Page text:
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When I go to the system monitor in Ubuntu, about 75% of the Memory is used and 45% of Swap is used. Why is the Swap used even when Memory is available? Doesn't Linux move data from Swap to Memory?

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3 Answers

up vote 2 down vote accepted

It can move it to the memory. In fact, you can disable swap entirely, OR set a "limit".
This is the so called "swappiness".

Information: http://www.linuxvox.com/2009/10/what-is-the-linux-kernel-parameter-vm-swappiness/

How to check yours: cat /proc/sys/vm/swappiness
OR
sysctl -n vm.swappiness

How to set this value: echo "10" > /proc/sys/vm/swappiness

The more Swappiness you set, the more the kernel will swap. So set it a LOW amount if you want to use your swap only when it is needed.

(Note: When you set the limit, you have to be root!)

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Linux likes to keep data in both swap and cached in memory at the same time when the memory is available. If you look in the right place, you'll find that most, if not all, of the "swapped-out" data is also cached in main memory.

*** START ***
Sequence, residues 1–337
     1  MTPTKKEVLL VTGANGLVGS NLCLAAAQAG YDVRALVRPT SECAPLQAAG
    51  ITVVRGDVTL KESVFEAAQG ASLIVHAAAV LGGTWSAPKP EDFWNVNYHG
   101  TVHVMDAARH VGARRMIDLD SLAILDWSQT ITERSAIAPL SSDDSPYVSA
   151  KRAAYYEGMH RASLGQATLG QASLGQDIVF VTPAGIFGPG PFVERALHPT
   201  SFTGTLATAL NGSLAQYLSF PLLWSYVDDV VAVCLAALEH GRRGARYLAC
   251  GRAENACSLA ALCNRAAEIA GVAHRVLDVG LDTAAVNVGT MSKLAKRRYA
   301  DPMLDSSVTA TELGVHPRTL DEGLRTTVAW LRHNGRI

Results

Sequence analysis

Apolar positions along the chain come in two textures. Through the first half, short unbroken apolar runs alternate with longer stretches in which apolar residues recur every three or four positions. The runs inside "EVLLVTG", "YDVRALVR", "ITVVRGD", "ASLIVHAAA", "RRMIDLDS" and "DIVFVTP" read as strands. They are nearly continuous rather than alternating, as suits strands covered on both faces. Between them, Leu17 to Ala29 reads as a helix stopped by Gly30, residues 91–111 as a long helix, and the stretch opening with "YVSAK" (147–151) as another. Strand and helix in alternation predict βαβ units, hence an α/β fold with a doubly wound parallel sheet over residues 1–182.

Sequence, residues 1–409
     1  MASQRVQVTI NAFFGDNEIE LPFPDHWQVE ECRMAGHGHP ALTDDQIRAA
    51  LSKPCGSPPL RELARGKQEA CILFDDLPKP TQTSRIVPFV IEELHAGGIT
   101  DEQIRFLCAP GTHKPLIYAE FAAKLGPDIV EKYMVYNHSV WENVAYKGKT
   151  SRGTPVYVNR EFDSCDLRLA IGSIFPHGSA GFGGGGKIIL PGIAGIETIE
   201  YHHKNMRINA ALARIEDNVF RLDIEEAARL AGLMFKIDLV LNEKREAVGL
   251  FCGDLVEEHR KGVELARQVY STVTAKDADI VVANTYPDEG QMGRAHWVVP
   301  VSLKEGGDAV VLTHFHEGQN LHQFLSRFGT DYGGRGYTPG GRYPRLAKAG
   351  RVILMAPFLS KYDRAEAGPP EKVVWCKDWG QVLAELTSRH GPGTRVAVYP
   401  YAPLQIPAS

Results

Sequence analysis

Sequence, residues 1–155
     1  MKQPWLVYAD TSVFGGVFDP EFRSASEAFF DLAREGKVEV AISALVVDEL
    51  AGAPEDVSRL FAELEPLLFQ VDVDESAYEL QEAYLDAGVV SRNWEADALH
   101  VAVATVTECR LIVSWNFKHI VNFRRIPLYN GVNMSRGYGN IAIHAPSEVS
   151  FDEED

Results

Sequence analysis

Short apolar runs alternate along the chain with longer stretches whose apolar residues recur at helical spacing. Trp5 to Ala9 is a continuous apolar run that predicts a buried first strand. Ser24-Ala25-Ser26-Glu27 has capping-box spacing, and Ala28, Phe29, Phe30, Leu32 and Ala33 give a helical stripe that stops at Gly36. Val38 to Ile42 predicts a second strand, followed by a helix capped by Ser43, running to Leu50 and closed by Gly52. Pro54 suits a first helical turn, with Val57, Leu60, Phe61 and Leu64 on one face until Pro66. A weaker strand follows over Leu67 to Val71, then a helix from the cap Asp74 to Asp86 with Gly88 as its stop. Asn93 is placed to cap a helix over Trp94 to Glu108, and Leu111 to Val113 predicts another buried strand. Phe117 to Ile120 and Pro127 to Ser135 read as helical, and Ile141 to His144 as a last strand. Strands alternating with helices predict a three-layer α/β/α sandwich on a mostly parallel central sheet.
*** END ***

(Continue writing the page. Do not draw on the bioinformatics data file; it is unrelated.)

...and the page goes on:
Why? Idle RAM doesn't provide any benefit, but, by keeping the swap cached, the kernel gains a lot of flexibility:

  • Is more real memory needed? OK, just reallocate the cached block. It's already stored in swap, so there's to need to write it to disk first.

  • Is the swapped-out block needed? OK, it's already cached in memory, so we can just change the cached copy's state from "cached" to "active" and invalidate the swapped copy without needing to touch the disk at all.

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Why would the system move data from swap to memory if that data hasn't been accessed and may never be accessed? That would require pointless disk I/O and waste physical memory.

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